While spring has a lot of wonderful things to offer, there are also some serious annoyances. One of the major ones is tree pollen. That greenish-yellow pollen dust turns up everywhere throughout the season, including on your car. And it’s not just a nightmare for those with allergies. Pollen can actually scratch and damage the paint on your car.
Pollen isn’t the only thing from trees that can harm your car. Look out for tree sap as well. In addition to damaging the paint, sap can cause rust to form on the car’s surface. Sap is dangerous because of the way it bonds to the car.
So, what do you do to take care of these issues? Read on below for some helpful information on how to get pollen and sap off your car.
How do you know what not to do to get the pollen off your car?
Many just ignore the pollen or assume the wind and/or rain will get it off the car anyway, so why bother? However, this is risky. In reality, wind can add even more pollen to your car. And in general, the longer you leave pollen on your car, the more it will damage and scratch the paint.
Your instinct may be to just brush or dust the pollen off casually, with your hand. That might seem easiest, but it won’t be enough to protect the body of your car. Also, don’t just try to get the pollen off by using a dry cloth. This will damage the paint. To get pollen off your car, you will need to use a lot of water.
You will also need to use soap. But make sure to avoid using harsh chemicals and solutions. You want to be gentle, not damage the car with chemicals instead of pollen.
How do you most effectively get pollen off your car?
Thankfully, cleaning pollen off isn’t too difficult. You can do it yourself, right at home. Start by gathering everything you need for an effective clean. Get a bucket, microfiber cloths, rags, gentle car wash cleansers and soaps, sponges, and a hose.
To wet the car, turn the hose to the normal setting and spray, moving from top to bottom. Once the car is wet, use the hose to fill the bucket with water and mix in the car wash cleanser. Then dip a sponge into the solution to start cleaning.
Start cleaning the car by wiping the sponge or cloth from the top to the bottom of the vehicle. Thoroughly wash one panel at a time. Use a different sponge or cloth to clean the painted panels than you use to clean the parts without paint, like the wheels, windows, and chrome.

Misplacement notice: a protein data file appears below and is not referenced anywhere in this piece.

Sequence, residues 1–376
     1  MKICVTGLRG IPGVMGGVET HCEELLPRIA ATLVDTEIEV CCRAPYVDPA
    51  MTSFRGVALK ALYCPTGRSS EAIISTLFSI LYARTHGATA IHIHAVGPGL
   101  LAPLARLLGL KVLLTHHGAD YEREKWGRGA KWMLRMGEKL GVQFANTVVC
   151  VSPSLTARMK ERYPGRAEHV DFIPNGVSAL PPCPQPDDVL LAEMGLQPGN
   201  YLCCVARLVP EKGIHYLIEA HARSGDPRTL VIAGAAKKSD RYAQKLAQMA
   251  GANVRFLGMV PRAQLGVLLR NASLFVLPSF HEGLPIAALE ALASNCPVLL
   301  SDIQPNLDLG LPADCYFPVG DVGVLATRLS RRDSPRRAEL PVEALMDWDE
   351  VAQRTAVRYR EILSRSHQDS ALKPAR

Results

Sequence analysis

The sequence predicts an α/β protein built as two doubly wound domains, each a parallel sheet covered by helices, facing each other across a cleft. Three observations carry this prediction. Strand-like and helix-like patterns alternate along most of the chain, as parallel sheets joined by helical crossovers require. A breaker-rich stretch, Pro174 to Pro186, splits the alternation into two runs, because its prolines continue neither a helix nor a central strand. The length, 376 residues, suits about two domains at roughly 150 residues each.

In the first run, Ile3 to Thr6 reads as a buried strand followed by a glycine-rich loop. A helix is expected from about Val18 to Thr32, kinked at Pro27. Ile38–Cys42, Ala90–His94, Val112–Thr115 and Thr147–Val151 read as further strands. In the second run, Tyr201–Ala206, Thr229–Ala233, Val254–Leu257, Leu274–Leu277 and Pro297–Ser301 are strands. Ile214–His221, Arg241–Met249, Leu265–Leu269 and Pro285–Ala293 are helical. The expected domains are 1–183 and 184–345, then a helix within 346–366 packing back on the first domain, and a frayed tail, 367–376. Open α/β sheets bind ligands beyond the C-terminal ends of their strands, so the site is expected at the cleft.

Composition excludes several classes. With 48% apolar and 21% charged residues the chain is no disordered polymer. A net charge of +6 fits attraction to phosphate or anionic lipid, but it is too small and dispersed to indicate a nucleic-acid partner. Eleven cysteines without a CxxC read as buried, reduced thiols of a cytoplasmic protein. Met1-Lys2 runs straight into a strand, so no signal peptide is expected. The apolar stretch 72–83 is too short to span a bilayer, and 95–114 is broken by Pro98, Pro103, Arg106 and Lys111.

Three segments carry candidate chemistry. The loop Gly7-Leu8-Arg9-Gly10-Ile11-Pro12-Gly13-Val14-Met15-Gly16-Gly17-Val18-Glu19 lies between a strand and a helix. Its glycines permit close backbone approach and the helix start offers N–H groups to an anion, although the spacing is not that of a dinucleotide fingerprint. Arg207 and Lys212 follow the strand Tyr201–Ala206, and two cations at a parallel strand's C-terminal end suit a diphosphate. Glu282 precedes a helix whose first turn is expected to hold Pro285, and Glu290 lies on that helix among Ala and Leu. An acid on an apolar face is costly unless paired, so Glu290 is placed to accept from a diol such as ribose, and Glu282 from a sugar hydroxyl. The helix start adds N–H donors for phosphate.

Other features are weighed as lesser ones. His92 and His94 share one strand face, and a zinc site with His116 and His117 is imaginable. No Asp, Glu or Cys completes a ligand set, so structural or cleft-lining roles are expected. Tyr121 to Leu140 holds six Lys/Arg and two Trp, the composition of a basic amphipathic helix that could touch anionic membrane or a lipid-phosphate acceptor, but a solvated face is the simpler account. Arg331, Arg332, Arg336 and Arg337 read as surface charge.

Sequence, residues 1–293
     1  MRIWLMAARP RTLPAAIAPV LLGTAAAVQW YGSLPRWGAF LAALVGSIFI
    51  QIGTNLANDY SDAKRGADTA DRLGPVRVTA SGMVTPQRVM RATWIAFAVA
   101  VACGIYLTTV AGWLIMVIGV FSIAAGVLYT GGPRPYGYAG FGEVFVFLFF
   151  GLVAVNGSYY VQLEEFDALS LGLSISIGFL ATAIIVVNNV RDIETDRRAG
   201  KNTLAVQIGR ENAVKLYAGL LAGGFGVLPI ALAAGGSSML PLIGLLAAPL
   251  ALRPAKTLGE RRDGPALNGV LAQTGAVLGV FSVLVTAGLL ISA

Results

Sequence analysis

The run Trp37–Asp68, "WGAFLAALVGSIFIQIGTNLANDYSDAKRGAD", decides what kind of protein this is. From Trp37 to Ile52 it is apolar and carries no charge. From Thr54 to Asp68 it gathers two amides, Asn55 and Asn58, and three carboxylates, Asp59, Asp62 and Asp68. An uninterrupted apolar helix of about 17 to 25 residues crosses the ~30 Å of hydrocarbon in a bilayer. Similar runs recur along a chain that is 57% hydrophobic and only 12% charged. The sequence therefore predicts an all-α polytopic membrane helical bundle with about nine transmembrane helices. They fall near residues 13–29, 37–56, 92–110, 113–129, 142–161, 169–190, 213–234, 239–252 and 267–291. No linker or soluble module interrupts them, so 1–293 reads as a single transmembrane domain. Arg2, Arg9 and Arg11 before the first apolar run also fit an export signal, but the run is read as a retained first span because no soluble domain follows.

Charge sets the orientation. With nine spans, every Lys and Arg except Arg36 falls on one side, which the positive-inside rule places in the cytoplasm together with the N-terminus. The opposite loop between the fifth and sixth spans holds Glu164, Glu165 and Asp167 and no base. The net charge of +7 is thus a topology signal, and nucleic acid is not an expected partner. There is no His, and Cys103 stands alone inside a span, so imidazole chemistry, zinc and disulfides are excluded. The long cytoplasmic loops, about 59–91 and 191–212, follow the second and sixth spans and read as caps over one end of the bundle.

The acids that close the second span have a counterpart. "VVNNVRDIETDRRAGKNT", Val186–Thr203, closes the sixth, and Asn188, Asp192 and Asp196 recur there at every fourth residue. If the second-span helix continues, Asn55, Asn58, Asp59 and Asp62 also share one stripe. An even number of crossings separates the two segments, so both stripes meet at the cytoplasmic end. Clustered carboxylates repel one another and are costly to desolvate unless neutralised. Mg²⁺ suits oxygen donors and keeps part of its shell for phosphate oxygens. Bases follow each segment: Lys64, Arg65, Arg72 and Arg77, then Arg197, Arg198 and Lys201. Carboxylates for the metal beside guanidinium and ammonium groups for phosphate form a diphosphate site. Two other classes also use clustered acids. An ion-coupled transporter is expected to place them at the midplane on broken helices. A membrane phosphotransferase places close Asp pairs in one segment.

Once it’s washed and rinsed, dry the car off with a soft cotton towel or a microfiber cloth. As soon as it’s all dried off, you can add wax or a detailing spray for a finishing touch. This will remove any remaining pollen and get rid of other spots. It also makes the surface slicker, which is more difficult for pollen to stick to. However, some advise you to skip that extra step if your area is still in the middle of a pollen storm.
For all of these steps, remember that the gentler way is the better way.
How often should you clean the pollen off your car?
This can depend on where you live. If you’re surrounded by trees, like in Portland, you’ll probably need to do so more often than if you live in a city with little foliage. Some recommend twice a week if you have those more tree-filled surroundings. Whereas once a week should be enough otherwise. And you can change the frequency once pollen becomes less of an issue as the seasons change.
What about sap?
Tree sap is more of a hassle to get off your car than pollen, but it’s still something you can do by yourself. For the most part, you can follow the same method and use the same materials to wash off sap as you would pollen. Mix water with a gentle car wash cleanser in a bucket and use microfiber cloths, rags, and sponges.
Like you would for pollen, start by hosing off the car. This will ideally get a large amount of sap off already. It will also give you a clear idea of which parts of the car need the most cleaning attention. Be sure to wash all over, not just in areas with obvious sap.
Since sap is more stubborn, you can try using a bug and tar removal spray on the globs that didn’t come off with the rinsing. Let the spray sit for a minute before wiping it off with a towel or cloth. For especially sticky and stubborn spots, you might need to apply the spray more than once.
As with pollen, you’ll want to get tree sap off of your car as soon as possible to prevent any damage. Tree sap actually shrinks over time. The smaller the sap gets, the more it will bond to the car. If you don’t act to remove it quickly, it could crack the finish. And try to clean it off earlier in the day as well. The warmer it is outside, the faster it will stick to the car’s paint.
How do you protect your car against pollen and/or sap?
The solution to avoid getting pollen, sap, or anything else from a tree on your car can be as simple as parking your car somewhere else. If you have a garage, try leaving the vehicle in there instead of outside.
Using wax and/or detailing spray isn’t necessarily a preventative measure, but it can provide some protection against different environmental issues such as pollen and sap.
Sap is especially prevalent when the tree has cuts, damage, or wounds. Get regular tree service to take care of those and even prevent them. At Mr. Tree, we are the experts on everything to do with trees. You can find more information on our website. On our blog, you’ll see plenty of helpful hints, advice, and how-tos. And don’t hesitate to contact us with any issues or questions.